A meta-analysis reveals the environmental and host factors shaping the structure and function of the shrimp microbiota.

PeerJ 2018 10;6:e5382. Epub 2018 Aug 10.

Departamento de Microbiología Molecular, Universidad Nacional Autónoma de México, Instituto de Biotecnología, Cuernavaca, Morelos, Mexico.

The shrimp or prawn is the most valuable traded marine product in the world market today and its microbiota plays an essential role in its development, physiology, and health. The technological advances and dropping costs of high-throughput sequencing have increased the number of studies characterizing the shrimp microbiota. However, the application of different experimental and bioinformatics protocols makes it difficult to compare different studies to reach general conclusions about shrimp microbiota. To meet this necessity, we report the first meta-analysis of the microbiota from freshwater and marine shrimps using all publically available sequences of the 16S ribosomal gene (16S rRNA gene). We obtained data for 199 samples, in which 63.3% were from marine (, and ), and 36.7% were from freshwater () shrimps. Technical variations among studies, such as selected primers, hypervariable region, and sequencing platform showed a significant impact on the microbiota structure. Additionally, the ANOSIM and PERMANOVA analyses revealed that the most important biological factor in structuring the shrimp microbiota was the marine and freshwater environment (ANOSIM  = 0.54,  = 0.001; PERMANOVA pseudo- = 21.8,  = 0.001), where freshwater showed higher bacterial diversity than marine shrimps. Then, for marine shrimps, the most relevant biological factors impacting the microbiota composition were lifestyle (ANOSIM  = 0.341,  = 0.001; PERMANOVA pseudo- = 8.50,  = 0.0001), organ (ANOSIM  = 0.279,  = 0.001; PERMANOVA pseudo- = 6.68,  = 0.001) and developmental stage (ANOSIM  = 0.240,  = 0.001; PERMANOVA pseudo- = 5.05,  = 0.001). According to the lifestyle, organ, developmental stage, diet, and health status, the highest diversity were for wild-type, intestine, adult, wild-type diet, and healthy samples, respectively. Additionally, we used PICRUSt to predict the potential functions of the microbiota, and we found that the organ had more differentially enriched functions (93), followed by developmental stage (12) and lifestyle (9). Our analysis demonstrated that despite the impact of technical and bioinformatics factors, the biological factors were also statistically significant in shaping the microbiota. These results show that cross-study comparisons are a valuable resource for the improvement of the shrimp microbiota and microbiome fields. Thus, it is important that future studies make public their sequencing data, allowing other researchers to reach more powerful conclusions about the microbiota in this non-model organism. To our knowledge, this is the first meta-analysis that aims to define the shrimp microbiota.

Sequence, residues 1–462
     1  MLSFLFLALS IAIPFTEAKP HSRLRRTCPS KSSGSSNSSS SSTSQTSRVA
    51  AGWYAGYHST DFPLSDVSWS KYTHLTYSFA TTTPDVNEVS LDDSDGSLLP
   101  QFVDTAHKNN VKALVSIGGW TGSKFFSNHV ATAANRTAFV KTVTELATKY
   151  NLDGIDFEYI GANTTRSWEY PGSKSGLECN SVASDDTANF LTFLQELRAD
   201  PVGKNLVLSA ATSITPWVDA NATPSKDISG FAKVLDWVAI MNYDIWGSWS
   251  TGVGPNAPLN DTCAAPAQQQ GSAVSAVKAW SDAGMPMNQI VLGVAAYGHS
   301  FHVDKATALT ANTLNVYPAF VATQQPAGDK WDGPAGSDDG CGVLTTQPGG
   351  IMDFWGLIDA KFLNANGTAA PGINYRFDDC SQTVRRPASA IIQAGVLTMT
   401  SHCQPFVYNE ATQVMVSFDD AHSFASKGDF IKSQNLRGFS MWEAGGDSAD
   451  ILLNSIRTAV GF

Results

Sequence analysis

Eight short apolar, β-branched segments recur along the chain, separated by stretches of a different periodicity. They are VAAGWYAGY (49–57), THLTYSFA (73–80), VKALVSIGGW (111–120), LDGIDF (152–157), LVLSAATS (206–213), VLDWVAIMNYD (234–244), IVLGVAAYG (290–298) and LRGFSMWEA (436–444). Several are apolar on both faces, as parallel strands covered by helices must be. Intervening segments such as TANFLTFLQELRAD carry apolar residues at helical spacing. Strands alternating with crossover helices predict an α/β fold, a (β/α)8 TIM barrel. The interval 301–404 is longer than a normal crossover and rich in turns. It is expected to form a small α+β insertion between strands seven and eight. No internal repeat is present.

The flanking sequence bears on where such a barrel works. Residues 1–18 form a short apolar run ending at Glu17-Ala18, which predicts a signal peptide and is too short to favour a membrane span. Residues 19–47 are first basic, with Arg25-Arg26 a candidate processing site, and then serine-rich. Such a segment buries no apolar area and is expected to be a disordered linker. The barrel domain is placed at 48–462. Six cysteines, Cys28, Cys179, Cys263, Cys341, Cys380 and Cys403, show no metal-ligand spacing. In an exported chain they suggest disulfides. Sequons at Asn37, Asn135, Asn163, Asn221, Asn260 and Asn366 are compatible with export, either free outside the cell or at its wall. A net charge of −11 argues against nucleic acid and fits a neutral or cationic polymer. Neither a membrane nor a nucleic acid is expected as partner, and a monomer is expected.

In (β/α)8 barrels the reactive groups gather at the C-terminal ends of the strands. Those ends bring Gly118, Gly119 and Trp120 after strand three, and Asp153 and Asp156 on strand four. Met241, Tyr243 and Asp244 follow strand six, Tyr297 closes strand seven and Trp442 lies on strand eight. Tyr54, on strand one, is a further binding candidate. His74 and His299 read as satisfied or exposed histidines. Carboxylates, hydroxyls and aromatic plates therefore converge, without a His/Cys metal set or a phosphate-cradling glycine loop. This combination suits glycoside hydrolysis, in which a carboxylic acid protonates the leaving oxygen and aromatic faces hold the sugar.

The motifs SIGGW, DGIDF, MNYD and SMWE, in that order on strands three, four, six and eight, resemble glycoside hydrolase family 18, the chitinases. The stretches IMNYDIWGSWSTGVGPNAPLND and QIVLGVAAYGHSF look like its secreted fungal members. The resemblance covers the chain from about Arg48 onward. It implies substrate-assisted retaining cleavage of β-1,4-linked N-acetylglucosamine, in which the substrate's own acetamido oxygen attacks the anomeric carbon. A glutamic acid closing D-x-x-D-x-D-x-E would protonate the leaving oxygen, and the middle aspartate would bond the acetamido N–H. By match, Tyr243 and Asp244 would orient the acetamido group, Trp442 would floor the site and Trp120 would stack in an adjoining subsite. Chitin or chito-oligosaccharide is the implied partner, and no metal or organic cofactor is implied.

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http://dx.doi.org/10.7717/peerj.5382DOI Listing
http://www.ncbi.nlm.nih.gov/pmc/articles/PMC6089209PMC
August 2018
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